How about your husband? Did he come from a big family? He’s the middle of three. Even the distance between two and three seems to be really huge. I think once you outnumber the parents, it’s a whole different path. So he had a childhood just full of shenanigans and laughter and fun. In my childhood family, it was me and then three years later my brother. Our first cousins on both sides were a sister and then three years later a brother. My brother grew up and had a daughter and then three years later a son. It was like it was genetically programmed. So when we had a daughter first and then three years later a son, I told my husband, we’ve got to rock the boat. I know everything about the dynamics of this family. So the drive to have at least a third to rock the boat was pretty strong.
Do you feel like you’ve topped out now? I do. I just calculated today that this is my eighteenth year in middle school. [She laughs.] In the future maybe we’ll be able to reach out more strongly to our children’s biological older siblings. There are a couple of older teenagers in Ethiopia — not for adoption, but I wonder if we might not do more for them in the future.
I also hugely admired my father’s family when I was growing up, and he was the youngest of ten. He was a seventh son. There were seven boys and three girls. We now have six boys and three girls. Sometimes that statistic alarms me, because I wonder if we’re destined to have a seventh son. If so, I hope it’s my son’s older brother that we can somehow help more. He’s living still in rural Ethiopia and spending hours every day gathering water. He’s living really the old way.
Do you ever foresee a time when it’s just you and Don living here? Yes. We increasingly have moments, because since the youngest is now 13, we can go out to the movies on Saturday night. Also, we go to bed before anyone. They put themselves to bed. We’re not still rocking babies or hiring babysitters so much.
I’ve seen your elaborate filing systems for the research on your other books. Are you that kind of family documentarian as well? Do you want to see?
[She takes me to two oversize closets with double doors, lined floor to ceiling with shelves. Both closets are stuffed with loose-leaf binders and scrapbooks labeled for each year of each child’s life.]
This is just natural. This is not because of the book. For years I thought I didn’t have a hobby. But then I found out scrapbooking is a hobby.
The kids are going to love this as they get older. They already love it! Sometimes they just come in and look through them.
They’ll kind of check out a book and sit there and read. I’m going to have to have more shelves built soon, because now they’re multiplying so fast — nine a year now.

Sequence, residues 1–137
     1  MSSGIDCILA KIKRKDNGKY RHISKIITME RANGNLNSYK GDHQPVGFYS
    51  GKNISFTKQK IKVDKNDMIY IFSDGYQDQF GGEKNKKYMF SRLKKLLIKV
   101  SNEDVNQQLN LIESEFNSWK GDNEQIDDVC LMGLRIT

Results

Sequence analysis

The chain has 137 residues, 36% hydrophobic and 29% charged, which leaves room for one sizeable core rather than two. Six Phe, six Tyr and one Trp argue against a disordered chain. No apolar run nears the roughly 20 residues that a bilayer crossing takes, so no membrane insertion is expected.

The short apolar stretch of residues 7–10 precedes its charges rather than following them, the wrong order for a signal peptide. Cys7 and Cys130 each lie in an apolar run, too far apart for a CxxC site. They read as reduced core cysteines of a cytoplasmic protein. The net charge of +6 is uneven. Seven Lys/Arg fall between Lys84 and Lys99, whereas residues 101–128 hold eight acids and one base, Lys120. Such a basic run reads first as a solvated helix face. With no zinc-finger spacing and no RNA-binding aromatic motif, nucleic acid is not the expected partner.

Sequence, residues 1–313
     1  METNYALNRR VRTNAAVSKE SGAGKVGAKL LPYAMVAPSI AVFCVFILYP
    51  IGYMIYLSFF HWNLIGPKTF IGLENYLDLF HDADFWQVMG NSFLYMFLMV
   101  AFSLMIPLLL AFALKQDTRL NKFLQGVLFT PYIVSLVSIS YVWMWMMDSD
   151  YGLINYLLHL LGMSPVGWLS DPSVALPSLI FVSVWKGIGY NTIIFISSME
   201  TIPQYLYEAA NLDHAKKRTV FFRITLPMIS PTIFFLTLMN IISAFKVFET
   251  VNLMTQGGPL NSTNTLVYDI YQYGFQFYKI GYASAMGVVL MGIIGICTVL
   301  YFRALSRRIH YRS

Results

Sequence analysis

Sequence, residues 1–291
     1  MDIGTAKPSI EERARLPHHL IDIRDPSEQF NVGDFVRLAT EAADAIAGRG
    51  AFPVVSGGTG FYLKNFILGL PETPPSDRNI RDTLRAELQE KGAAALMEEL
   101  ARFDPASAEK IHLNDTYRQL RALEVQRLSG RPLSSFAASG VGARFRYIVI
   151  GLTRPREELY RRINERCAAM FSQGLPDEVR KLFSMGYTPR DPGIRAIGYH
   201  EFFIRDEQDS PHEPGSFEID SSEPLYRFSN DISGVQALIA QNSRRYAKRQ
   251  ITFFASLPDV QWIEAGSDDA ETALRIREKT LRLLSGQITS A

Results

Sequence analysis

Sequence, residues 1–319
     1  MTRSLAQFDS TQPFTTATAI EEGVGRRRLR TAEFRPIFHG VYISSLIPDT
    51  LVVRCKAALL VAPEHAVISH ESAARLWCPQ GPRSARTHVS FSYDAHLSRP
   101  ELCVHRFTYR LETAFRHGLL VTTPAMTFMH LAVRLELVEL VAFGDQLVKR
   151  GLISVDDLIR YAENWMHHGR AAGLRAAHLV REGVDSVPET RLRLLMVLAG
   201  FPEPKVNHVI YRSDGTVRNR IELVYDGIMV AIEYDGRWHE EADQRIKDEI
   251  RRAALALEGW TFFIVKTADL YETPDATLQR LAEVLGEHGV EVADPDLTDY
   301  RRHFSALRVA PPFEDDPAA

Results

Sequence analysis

So your love of research translated well to a memoir? It did. I do enjoy researching. I’m a natural researcher. But for me the joy is when the research is pretty much finished, and I can sit down and write.
That’s the happiest time. Now I’m heading into the hardest time — waiting for reviews and wondering how the book will do
Do you have your next book project planned yet? I have one I’m thinking about. I’m wondering if I could do — with [adopted son] Jesse a deeper search for his origins among the Romani people. The Romani people themselves are doing deeper searches for their origins, because it’s still kind of not commonly known and kind of mysterious who these people are. Jesse is so curious. Just last night he said, “Do you know that I’ve never even seen someone else who’s exactly like me?” It’s true, he hasn’t.
Will that one be first-person, too? You know, when I first started writing this book, I felt very nostalgic for the great days of third-person impartial reporting. But There Is No Me Without You [about Haregewoin Teferra, an Ethiopian widow who founded an HIV/AIDS orphanage] was a bridge, because even though that was a really serious work of reporting, it was told first-person. I was conscious about getting out of the way — it was Mrs. Haregewoin’s story, not mine. Still, that was sort of a halfway point. Here it’s full-fledged me, me, me. “Here’s my story.” But now that I’ve done that and it was fun, I think I need a bridge back. So if I could start looking into Romani history and Jesse’s roots, with Jesse, it seems like I can tell it in first person but not have me and my family be front and center.